Full Text Available In nanoflow liquid chromatography-matrix-assisted laser desorption/ionization tandem time-of-flight (nanoLC-MALDI-TOF/TOF approaches, it is critical to directly apply small amounts of the sample elutes on the sample target using a nanoLC system due to its low flow rate of 200 ~ 300 nl/min. It is recommended to apply a sheath liquid containing a matrix with a several μL/min flow rate at the end of the nanoLC column to ensure a larger co-eluted droplet for more reproducible sample spotting and avoid the laborious task of post-manual matrix spotting. In this study, to achieve a better nanoLC-MALDI performance on sample spotting, we first compared α-Cyano-4-hydroxycinnamic acid (CHCA solvent composition for efficiently concentrating nanoLC elutes on an anchor chip. The solvent composition of isopropanol (IPA: acetonitrile (ACN:acetone:0.1% Trifluoroacetic acid (TFA (2:7:7:2 provided strong and homogeneous signals with higher peptide ion yields than the other solvent compositions. Then, nanoLC-MALDI-TOF/TOF was applied to study the impact of aflatoxin B1 on the liver proteome from diabetes mellitus type 1 mice. Aflatoxin B1 (AFB1, produced by Aspergillus flavus and Aspergillus parasiticus is a carcinogen and a known causative agent of liver cancer. To evaluate the effects of long-term exposure to AFB1 on type 1 diabetes mellitus (TIDM, the livers of T1DM control mice and mice treated with AFB1 were analyzed using isotope-coded protein labeling (ICPL-based quantitative proteomics. Our results showed that gluconeogenesis, lipid, and oxidative phosphorylation mechanisms, normally elevated in T1DM, were disordered following AFB1 treatment. In addition, major urinary protein 1 (MUP1, an indicator of increased insulin sensitivity, was significantly decreased in the T1DM/AFB1 group and may have resulted in higher blood glucose levels compared to the T1DM group. These results indicate that T1DM patients should avoid the AFB1 intake, as they could lead to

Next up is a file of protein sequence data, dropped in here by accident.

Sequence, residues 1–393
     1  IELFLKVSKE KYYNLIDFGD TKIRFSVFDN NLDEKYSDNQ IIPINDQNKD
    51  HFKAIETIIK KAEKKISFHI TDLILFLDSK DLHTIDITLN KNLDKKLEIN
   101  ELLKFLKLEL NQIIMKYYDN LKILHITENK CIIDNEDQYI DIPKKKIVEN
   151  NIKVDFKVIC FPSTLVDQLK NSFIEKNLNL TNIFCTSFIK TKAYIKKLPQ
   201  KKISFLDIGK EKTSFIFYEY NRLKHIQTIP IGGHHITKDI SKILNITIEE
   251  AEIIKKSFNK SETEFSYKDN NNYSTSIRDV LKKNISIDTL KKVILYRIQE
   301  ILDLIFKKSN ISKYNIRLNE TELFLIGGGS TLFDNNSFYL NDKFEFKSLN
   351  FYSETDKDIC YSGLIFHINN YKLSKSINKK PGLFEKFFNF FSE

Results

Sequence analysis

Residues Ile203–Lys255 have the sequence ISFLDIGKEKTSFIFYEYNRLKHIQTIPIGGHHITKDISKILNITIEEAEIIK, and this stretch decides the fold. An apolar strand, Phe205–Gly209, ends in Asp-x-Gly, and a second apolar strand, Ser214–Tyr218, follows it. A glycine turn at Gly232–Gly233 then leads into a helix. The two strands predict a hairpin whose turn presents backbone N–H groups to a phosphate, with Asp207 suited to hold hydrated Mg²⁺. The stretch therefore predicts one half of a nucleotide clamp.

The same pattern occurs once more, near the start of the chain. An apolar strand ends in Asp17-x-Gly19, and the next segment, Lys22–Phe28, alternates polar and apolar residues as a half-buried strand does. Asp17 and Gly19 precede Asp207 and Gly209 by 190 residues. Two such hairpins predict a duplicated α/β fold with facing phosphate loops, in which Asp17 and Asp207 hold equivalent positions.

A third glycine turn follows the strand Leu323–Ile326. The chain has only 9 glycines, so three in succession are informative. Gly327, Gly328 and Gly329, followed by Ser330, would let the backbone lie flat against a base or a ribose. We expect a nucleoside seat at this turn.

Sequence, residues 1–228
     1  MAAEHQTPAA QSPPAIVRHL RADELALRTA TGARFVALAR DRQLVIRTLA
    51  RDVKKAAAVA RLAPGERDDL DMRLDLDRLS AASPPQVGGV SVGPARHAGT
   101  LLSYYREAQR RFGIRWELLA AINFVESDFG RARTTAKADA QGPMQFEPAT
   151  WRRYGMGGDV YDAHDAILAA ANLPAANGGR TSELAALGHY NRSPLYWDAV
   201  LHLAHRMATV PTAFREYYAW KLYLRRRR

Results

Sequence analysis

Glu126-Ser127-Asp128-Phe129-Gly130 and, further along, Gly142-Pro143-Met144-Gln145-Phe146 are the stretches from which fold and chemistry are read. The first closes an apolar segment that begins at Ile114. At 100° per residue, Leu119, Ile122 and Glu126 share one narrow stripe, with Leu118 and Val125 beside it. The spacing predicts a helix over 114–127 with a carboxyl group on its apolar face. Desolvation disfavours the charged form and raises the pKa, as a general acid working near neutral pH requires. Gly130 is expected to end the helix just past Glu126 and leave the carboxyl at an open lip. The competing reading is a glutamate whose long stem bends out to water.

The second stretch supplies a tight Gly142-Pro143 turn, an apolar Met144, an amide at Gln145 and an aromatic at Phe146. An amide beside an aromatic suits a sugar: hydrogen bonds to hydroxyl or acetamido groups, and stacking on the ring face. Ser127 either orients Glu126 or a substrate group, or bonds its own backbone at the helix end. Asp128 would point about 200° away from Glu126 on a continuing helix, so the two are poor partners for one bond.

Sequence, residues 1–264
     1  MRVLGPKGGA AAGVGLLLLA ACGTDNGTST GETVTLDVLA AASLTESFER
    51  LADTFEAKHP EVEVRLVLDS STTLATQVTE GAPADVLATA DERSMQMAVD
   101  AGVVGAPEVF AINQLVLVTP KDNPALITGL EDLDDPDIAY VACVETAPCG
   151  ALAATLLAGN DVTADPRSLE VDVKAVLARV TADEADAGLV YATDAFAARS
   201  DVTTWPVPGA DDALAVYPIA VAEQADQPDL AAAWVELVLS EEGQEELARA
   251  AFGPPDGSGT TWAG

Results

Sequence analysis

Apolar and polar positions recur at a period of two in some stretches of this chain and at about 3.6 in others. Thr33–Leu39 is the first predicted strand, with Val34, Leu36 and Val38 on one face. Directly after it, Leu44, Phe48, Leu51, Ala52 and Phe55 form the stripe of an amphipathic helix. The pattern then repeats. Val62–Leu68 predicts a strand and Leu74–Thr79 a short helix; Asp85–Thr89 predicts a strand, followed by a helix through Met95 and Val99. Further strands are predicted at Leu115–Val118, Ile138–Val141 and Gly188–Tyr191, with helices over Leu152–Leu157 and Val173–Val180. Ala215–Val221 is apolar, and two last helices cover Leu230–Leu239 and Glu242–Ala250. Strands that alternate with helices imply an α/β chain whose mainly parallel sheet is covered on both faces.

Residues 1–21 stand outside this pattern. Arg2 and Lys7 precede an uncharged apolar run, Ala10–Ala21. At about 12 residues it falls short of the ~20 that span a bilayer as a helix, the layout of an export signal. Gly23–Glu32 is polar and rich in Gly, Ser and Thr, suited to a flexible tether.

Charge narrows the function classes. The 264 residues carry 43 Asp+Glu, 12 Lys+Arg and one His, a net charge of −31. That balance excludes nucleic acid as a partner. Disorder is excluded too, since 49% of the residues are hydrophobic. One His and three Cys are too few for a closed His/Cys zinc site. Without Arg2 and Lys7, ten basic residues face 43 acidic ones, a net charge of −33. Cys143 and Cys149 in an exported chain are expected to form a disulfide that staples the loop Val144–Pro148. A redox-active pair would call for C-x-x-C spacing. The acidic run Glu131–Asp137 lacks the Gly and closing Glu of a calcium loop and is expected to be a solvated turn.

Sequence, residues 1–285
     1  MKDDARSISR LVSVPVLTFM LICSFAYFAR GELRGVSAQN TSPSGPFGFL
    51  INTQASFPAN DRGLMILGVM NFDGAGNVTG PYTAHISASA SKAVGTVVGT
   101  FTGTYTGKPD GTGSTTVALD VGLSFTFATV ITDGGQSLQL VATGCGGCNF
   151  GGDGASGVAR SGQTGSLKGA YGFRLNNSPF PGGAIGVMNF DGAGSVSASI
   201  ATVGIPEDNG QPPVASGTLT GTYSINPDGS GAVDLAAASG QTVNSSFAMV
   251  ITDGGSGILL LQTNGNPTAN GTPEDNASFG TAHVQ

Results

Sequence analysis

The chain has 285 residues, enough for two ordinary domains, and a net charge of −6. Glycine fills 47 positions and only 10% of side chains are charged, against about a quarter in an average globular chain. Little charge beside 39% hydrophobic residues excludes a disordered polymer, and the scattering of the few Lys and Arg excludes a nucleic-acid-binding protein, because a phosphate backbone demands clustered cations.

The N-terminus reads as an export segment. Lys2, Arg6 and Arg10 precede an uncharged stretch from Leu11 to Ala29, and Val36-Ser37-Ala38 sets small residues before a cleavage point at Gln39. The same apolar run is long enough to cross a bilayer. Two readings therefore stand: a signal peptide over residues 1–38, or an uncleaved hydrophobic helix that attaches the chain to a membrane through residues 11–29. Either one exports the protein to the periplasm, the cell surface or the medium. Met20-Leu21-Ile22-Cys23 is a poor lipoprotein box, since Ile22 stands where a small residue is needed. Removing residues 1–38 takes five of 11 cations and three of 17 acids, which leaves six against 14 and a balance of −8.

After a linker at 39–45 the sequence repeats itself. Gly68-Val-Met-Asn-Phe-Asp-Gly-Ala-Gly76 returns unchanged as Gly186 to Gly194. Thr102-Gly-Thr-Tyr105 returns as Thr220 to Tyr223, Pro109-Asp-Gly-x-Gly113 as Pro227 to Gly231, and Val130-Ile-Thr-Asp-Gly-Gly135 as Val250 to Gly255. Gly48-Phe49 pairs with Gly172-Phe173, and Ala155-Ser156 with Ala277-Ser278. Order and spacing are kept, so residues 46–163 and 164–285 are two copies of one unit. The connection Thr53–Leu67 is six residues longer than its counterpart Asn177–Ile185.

13. Effects of Stigmasterol and β-Sitosterol on Nonalcoholic Fatty Liver Disease in a Mouse Model: A Lipidomic Analysis.

    Science.gov (United States)

    Feng, Simin; Gan, Ling; Yang, Chung S; Liu, Anna B; Lu, Wenyun; Shao, Ping; Dai, Zhuqing; Sun, Peilong; Luo, Zisheng

    2018-04-04

    To study the effects of stigmasterol and β-sitosterol on high-fat Western diet (HFWD)-induced nonalcoholic fatty liver disease (NAFLD), lipidomic analyses were conducted in liver samples collected after 33 weeks of the treatment. Principal component analysis showed these phytosterols were effective in protecting against HFWD-induced NAFLD. Orthogonal projections to latent structures-discriminate analysis (OPLS-DA) and S-plots showed that triacylglycerols (TGs), phosphatidylcholines, cholesteryl esters, diacylglycerols, and free fatty acids (FFAs) were the major lipid species contributing to these discriminations. The alleviation of NAFLD is mainly associated with decreases in hepatic cholesterol, TGs with polyunsaturated fatty acids, and alterations of free hepatic FFA. In conclusion, phytosterols, at a dose comparable to that suggested for humans by the FDA for the reduction of plasma cholesterol levels, are shown to protect against NAFLD in this long-term (33-week) study.